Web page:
Felicity Huffman’s ‘Desperate Housewives’ Co-Star Ridicules Light Prison Sentence

Lawrence Kim
October 10, 2019

Felicity Huffman's "Desperate Housewives" co-star, Ricardo Chavira, slammed her light prison sentence in the college admissions scandal as "white privilege" on twitter.

"White Privilege. And I saw Eight years worth of it, so I know what I'm talking about", he wrote.

Chavira, a second-generation Mexican American, went on share tweets comparing Huffman's punishment with the sentence a homeless woman named Tanya McDowell received after enrolling her son in a school outside her listed district. The actress intended on doing the same with her 17-year-old daughter, Georgia, but did not follow through.

Prosecutors recommended one month in prison for Huffman but she was sentenced to just 14 days. In addition to 14 days behind bars, she'll pay a $30,000 fine, receive one year of probation and must perform 250 hours of community service.

Federal Bureau of Investigation agents arrested the Otherhood star at gunpoint back in March for paying $15,000 to illegally increase her 19-year-old daughter Sophia's SAT scores. "Accountability and Responsibility don't mean [expletive] to these people", he added, writing on Twitter.

" I have actually seen a life time of it being a halfbreed, and I have actually struggled w (with) the intricacies of it every day w all the cultural predisposition I've received on both ends". "If Lori and Mossimo are assured that the evidence will exonerate them, and apart from they are lively to pick the threat of going to trial, dazzling for them".

Following Huffman's sentencing, Los Angeles businessman Devin Sloane, 53, was sentenced on September 24 to four months in prison.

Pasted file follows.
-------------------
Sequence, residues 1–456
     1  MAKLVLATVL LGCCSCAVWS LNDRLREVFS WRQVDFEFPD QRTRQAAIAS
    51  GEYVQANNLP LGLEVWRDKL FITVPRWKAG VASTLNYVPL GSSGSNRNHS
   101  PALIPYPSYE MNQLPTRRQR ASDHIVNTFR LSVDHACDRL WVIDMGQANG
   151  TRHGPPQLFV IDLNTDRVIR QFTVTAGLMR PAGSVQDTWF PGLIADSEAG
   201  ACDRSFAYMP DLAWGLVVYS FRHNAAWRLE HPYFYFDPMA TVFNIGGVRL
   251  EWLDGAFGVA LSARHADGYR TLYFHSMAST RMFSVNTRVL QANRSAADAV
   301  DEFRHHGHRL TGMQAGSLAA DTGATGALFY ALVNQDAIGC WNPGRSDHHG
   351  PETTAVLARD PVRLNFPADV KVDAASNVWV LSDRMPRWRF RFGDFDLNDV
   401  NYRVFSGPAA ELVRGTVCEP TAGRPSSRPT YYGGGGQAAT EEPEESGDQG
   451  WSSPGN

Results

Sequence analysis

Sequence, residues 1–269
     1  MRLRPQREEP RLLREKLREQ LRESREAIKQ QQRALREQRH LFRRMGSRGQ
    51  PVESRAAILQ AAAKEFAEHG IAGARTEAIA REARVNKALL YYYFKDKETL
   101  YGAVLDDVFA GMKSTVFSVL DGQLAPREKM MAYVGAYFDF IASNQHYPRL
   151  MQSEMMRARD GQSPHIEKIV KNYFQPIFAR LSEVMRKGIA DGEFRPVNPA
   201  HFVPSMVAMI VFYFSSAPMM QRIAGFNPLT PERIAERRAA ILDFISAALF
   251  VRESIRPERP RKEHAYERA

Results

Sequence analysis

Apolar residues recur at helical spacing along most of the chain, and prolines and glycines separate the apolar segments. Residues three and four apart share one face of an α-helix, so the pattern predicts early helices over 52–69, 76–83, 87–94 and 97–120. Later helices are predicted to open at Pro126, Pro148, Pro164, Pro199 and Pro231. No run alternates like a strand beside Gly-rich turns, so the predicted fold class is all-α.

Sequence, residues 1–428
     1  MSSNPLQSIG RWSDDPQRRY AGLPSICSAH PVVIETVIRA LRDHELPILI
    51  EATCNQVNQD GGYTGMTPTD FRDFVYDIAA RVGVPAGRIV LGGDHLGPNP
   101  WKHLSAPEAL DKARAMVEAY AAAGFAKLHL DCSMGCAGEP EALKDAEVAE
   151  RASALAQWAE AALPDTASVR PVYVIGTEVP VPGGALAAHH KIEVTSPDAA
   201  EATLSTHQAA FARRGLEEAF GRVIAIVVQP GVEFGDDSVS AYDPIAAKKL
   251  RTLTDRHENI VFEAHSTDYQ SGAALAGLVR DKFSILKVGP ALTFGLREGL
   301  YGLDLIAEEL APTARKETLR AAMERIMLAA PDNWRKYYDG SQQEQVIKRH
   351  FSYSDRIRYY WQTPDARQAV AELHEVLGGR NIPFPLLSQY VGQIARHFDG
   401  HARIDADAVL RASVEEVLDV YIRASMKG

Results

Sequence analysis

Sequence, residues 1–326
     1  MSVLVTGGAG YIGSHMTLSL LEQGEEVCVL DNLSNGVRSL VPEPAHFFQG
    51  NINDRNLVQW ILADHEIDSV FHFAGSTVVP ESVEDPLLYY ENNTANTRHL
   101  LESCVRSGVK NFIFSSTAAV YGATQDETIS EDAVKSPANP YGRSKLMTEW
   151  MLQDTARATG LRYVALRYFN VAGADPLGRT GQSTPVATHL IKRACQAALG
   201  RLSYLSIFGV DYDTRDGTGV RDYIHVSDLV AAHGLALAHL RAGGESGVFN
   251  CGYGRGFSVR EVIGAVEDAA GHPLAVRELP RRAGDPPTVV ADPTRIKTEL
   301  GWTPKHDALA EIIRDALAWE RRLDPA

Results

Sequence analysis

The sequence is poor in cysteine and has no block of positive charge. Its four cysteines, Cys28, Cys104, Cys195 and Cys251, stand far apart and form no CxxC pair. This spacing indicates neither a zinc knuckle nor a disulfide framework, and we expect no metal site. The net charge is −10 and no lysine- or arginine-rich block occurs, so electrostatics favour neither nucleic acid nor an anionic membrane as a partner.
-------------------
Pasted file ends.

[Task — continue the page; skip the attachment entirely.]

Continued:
Huffman had written a letter to the judge saying that she felt "a deep and abiding shame" for what she did. I think we were happy with that.

That began with the mother of all apologies, Sophia being justifiably hurt and embarrassed when she learned of Huffman's scheme. During a rare interview, U.S. Attorney Andrew Lelling opened up about why Huffman was let off easy.

"I am deeply sorry to the parents, students, colleges and universities who have been impacted by my actions", she said ahead of her sentencing. He called Huffman "probably the least culpable of the defendants" involved in the case. "She took responsibility nearly immediately, she was contrite, did not try to minimize her conduct". Authorities leading the investigation dubbed "Varsity Blues" said she paid a designated person to proctor her daughter's exam in December 2017, then change her answers to improve the score. She was contrite, did not try to minimize her conduct. As a result, she's looking at a much stiffer prison sentence if found guilty.

Other reports by Click Lancashire

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